Physiological techniques:

Physiological Techniques, as the term suggests, are used in the Physiological Psychology which is a branch of psychology which is concerned with the biological basis of behaviour and very much related to the Neuroscience. It connects the functioning of the brain with our mental behaviour. This part focuses on the practical and experimental parts of the course.

The main part here is the Nervous System It controls the entire functioning of the body. Consisting of brain, spinal cord, nerve tissues its main work is to produce responses to the internal and external stimuli. By using chemical and electrical signals it sends responses to different parts of the body. The brain is the central part of the CNS or Central Nervous System which contains millions of Neurons. Emotions are also majorly responsible for the human behaviour. Behavioural elements produce the muscular movements which accompany that particular emotion. These emotions affect certain areas of brain. The effects may cause the secretion of certain hormones like Oxytocin, Adrenocorticotropic hormone, Serotonin, Dopamine and so on.


As its name suggests Neuroanatomy suggests, it studies the anatomical structure of the Nervous system. It is connected with Neuroscience and it’s connected to the concept of Psychology as it also deals with the effect of certain brain injuries on the behaviour. In order to understand the basic concept of Neuroanatomy we have to understand the structure of the nervous system which is divided into Central and Peripheral Nervous System. Central Nervous System or CNS consists of Brain and Spinal Cord. Peripheral Nervous System consists of the Neurons which are further divided into Autonomic and Somatic Nervous System. Somatic nervous system consists of neurons which convey sensory information. Autonomic nervous system is further divided into 2 sections: the Systematic Nervous System, which becomes activated during the time of ‘do or die’ situation; the Parasympathetic Nervous System, unlike the Systematic one, enables the body to rest and to be able to store energy. Now, let’s have a glance at certain psychological problems caused by the certain problems of brain.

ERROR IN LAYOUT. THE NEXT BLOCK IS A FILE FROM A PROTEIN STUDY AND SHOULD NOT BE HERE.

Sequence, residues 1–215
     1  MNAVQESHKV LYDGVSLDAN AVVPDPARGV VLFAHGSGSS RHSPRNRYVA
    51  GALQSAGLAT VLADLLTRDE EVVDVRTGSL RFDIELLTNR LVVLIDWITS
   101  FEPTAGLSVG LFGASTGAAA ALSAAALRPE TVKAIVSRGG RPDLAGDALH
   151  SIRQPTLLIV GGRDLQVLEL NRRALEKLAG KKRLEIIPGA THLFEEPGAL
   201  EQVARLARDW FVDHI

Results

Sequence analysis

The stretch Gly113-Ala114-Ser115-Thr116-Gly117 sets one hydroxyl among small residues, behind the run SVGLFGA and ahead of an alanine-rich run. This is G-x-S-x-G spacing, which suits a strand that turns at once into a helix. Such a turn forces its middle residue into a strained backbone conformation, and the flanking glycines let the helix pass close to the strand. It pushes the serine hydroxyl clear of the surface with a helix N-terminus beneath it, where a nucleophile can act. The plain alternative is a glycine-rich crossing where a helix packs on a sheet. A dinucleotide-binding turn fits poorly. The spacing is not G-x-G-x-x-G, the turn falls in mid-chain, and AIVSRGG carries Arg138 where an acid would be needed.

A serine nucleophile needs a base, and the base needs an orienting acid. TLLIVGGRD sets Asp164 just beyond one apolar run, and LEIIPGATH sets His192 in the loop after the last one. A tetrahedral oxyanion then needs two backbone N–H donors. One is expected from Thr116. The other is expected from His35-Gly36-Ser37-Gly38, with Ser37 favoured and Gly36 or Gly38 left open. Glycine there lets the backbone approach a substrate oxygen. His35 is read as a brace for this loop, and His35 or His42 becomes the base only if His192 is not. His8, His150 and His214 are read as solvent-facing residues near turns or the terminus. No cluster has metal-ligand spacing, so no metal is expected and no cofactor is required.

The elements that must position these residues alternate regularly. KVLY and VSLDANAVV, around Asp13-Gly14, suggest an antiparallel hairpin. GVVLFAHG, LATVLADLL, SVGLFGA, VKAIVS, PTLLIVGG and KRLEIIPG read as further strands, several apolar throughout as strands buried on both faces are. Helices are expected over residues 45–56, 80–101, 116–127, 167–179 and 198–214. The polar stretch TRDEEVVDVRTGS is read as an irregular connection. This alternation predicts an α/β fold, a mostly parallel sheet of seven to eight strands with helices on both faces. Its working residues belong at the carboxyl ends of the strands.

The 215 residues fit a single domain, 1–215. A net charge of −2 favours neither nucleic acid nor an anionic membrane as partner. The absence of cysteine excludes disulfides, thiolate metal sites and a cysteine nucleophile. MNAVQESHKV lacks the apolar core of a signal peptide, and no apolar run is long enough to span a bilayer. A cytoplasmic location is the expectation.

Among several problems, most problematic is the Schizophrenia, a mental disorder due to which the patients show signs of abnormal behaviours, difficulty to realize what is real and also suffer from hallucinations, confused thinking, memory loss and so on. Both the genetic and environmental elements can cause the problem. Who has a family history of Schizophrenia may have the chances of being affected by it. The difference between the sizes of the ventricles in the brains, filled with CSF or Cerebrospinal Fluid can resulted in the disease. The larger the ventricle, the problem is more acute.

Another kind of disease is Bipolar disorder. It’s a kind of mental illness, indicated by rapid and sudden mood swings, from manic to depressive kinds. These patients may feel excited euphoric at first but gradually it worsens as the patients might start to get used to drugs, alcohols, impulsive abnormal sexual behaviour and so on. The situation gets worse if it’s not treated properly and timely.

The other kind of mental problems can be OCD or Obsessive Compulsive Disorder, Anxiety and so on.

Functional Organization of Nervous System:

The nervous system consists of 2 parts: CNS and PNS. CNS is divided into brain and spinal cord and PNS is divided into Autonomic and Somatic nervous system. Autonomic nervous system is sub divided into Sympathetic and Parasympathetic Nervous System. Somatic nervous system is also divided into 2 parts: Sensory nerves and Motor nerves.


The structure of our genes is functional into determining our behaviour. As the name suggests Behavioural Genetics studies different behavioural traits and how genes influence the behaviour. Gregor Mendel is the most important developer in this field as he showed us how the genes, genetic qualities influence our genetic behaviours. It has been proved that by gene manipulation, one can control certain behaviour patterns.

Evolutionary Psychology: